Supreme Leader Ali Khamenei’s assertion Tuesday that flouting hijab is “religiously and politically haram” has prompted officials to signal stricter measures.
At a meeting with state officials Tuesday, Khamenei claimed that foreign intelligence services were encouraging Iranian women to disobey mandatory hijab. He also claimed that “the enemy” is working according to “a plan and plot” and urged authorities to have their own plan for dealing with the issue of hijablessness.
“Discarding hijab is haram based on Sharia and also politically,” he declared. His declaration was a clear signal to authorities that they need to do anything it takes to re-establish control over women which had somehow waned following anti-regime protests.
“The order given by his excellency is clear,” Parliament Speaker Mohammad-Bagher Ghalibaf said Wednesday while promising to give precedence to any hijab-related motion or bill.
Iran's ruler Ali Khamenei and Parliament Speaker Mohammad-Bagher Ghalibaf
Following Khamenei’s cue, the ministry of interior in its second statement on hijab within a week, alleged that the opposition to compulsory hijab was an enemy plot advanced by foreign intelligence services and the opposition outside Iran, who through social media are trying to use it to “create deep social divides and a divide between the people and the government.”
Airport staff refusing to offer services to ‘hijabless’ women in Shiraz
Claiming that the ministry is responsible for ascertaining and defending “rights of the majority of the people,” the statement said it will fully support the activities of vigilantes who have been harassing women to follow the Islamic dress code.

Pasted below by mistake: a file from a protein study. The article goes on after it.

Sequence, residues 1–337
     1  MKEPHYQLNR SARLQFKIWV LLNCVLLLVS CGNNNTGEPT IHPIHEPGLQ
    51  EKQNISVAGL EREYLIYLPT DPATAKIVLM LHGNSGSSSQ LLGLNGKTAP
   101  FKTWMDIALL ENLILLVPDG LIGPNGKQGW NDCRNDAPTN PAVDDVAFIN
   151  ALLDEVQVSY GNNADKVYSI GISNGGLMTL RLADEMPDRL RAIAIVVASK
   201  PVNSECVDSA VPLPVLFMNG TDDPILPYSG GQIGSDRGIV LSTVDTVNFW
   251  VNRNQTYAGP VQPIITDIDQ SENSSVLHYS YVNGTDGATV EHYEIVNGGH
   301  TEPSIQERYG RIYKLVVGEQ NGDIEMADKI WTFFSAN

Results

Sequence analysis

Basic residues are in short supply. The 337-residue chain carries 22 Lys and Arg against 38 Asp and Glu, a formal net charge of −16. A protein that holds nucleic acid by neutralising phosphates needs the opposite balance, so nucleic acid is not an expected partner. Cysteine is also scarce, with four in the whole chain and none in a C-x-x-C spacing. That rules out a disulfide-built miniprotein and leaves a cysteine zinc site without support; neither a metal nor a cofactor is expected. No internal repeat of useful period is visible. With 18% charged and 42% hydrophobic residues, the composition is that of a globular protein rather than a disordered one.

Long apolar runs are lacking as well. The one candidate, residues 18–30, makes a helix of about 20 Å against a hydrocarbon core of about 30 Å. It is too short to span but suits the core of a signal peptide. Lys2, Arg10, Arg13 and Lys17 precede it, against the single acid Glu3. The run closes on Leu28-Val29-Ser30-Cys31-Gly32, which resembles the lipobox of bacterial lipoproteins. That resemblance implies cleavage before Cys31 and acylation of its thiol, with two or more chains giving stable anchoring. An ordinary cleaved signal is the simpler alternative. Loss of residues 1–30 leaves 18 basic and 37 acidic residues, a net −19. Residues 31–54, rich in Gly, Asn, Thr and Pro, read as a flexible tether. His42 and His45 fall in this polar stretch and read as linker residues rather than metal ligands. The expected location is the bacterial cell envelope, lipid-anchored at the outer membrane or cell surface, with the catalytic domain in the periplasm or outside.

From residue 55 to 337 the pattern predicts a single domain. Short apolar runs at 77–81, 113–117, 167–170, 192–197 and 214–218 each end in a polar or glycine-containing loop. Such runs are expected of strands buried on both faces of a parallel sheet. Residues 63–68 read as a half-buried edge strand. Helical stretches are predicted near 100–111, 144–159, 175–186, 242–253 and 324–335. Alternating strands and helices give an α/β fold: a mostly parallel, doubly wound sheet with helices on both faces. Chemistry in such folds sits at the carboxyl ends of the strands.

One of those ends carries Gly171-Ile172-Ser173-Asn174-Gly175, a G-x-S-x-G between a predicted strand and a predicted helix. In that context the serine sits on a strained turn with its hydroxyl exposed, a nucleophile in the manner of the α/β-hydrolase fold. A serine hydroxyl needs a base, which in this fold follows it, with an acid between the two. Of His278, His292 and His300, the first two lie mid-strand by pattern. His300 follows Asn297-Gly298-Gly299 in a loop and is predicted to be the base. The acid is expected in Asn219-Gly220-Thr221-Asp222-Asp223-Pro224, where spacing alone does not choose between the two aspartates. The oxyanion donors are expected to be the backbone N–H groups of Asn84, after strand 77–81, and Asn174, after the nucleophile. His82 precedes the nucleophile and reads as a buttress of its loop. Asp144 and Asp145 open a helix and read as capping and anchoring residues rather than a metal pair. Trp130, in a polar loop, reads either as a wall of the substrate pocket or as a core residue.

The ministry also said the judiciary and other organizations involved in the enforcement of compulsory hijab will take action “against the few who act against the society’s norms” to defend the “dignity and identity of the Muslim Iranian women.”
Mahsa Amini’s death in ‘hijab police’ custody in September sparked the protests That engulfed the country nearly non-stop for four months. Many women burned their headscarves during the protests, vowing never to surrender to compulsory hijab again.
‘Hijabless’ women are now seen everywhere, even in some of the most conservative cities. For many, this is a form of civil disobedience. Some social media users have said that in some public venues such as restaurants, ‘hijabless’ women outnumber those who wear headscarves.
On Wednesday, an official of Tehran’s Metro Organization, Masoud Dorosti, said his organization has set up a “chastity and hijab taskforce” for enforcement on public transport. According to Dorosti, the first phase of the plan, giving verbal warnings to women who do not abide by the hijab requirement, has begun at metro stations. Tehran municipality has adopted similar plans.
The police and the judiciary have also resorted to pressuring businesses to enforce the hijab on their premises.
Authorities have shut down hundreds of shops, restaurants, cafes, and ecotourism facilities during the two-week New Year (Nowrouz) holidays across the country.
Earlier this week, the ministry of higher education said institutions under its coverage will no longer offer educational and other services to students who do not abide by hijab rules.
The Islamic Azad University, which is not administered by the ministry, has also announced strict measures against defiance of the compulsory hijab. The university which has over 1.1 million students across Iran has ordered its faculty to “seriously manage” abidance of the hijab rules by their students and threatened them with repercussions if students flout hijab in their classes.
“Conflict between professors and students? We are teachers not police or sheriffs. It is knowledge that will eventually be harmed by destroying teachers’ relationship [with students],” a professor of criminal law at Tehran university, who was recently sacked for criticizing the regime after the execution of four young protesters, said in a tweet Tuesday.